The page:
Why It Matters

Putting Singapore on the world foodie map

Barring last-minute hiccups, the Singapore edition of the Michelin Guide is expected to debut here next year.

There have been whispers for the last few years that the guide, which foodies all over the world turn to for restaurant recommendations, is coming. Restaurateurs have been sizing up lone diners, wondering if they might be anonymous Michelin inspectors.

Anything that promotes Singapore's vibrant food scene on the world stage must surely be a good thing.

It will draw more visitors here, give the scene a boost and, most importantly, galvanise chefs to stay on top of their game to remain in the guide, which comes out annually.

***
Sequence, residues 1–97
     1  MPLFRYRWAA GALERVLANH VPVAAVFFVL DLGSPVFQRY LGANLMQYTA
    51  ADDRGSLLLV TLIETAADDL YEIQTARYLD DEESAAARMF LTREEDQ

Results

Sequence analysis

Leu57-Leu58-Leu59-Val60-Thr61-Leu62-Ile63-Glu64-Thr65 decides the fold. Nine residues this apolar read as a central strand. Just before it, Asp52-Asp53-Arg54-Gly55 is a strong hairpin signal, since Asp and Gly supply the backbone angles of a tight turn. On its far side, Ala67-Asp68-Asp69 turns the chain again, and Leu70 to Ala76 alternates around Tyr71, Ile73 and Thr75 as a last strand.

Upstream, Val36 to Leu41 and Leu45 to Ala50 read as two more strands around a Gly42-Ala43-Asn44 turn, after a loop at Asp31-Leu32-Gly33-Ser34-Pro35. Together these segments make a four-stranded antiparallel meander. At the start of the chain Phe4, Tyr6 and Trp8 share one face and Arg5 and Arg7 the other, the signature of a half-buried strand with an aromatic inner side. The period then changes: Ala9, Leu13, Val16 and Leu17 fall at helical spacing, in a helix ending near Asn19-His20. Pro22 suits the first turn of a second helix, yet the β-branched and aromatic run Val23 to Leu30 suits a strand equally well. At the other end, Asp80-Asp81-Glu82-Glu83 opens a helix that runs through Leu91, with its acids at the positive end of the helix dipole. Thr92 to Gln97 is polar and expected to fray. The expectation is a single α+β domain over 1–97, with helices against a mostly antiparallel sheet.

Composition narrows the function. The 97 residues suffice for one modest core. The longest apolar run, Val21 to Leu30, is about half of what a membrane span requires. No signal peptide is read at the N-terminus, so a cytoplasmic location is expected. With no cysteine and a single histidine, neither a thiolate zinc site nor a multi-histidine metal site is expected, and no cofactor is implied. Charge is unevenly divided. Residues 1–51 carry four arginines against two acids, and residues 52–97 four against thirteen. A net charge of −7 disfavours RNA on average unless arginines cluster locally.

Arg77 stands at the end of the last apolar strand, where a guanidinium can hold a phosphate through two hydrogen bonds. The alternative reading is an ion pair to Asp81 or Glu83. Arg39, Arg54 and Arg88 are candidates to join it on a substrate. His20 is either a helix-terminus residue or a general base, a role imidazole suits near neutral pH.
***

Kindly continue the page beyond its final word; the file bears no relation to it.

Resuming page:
The original one was put out by the French tyre company in 1900 in a bid to boost the sale of cars and, therefore, tyres. Restaurants are rated with stars. The highest ranking of three stars is given to restaurants serving "exceptional cuisine, worth a special journey".

Soon, there were guides for other European countries and cities. In 2005, the New York guide debuted.

In Asia, Tokyo got its guide in 2007, followed by Hong Kong and Macau in 2008.

Given that the fine-dining scene here is small, Singapore's version of the guide might look much like Hong Kong and Macau's, with mid-tier restaurants included in the rankings, and perhaps street food.

What will make or break the Singapore guide is credibility. Do the restaurants in the guide deserve the stars they have been given?

If they do not, trust that vocal Singapore gourmands will have plenty to say.

A version of this article appeared in the print edition of The Straits Times on November 13, 2015, with the headline 'Putting S'pore on the world foodie map'. Print Edition | Subscribe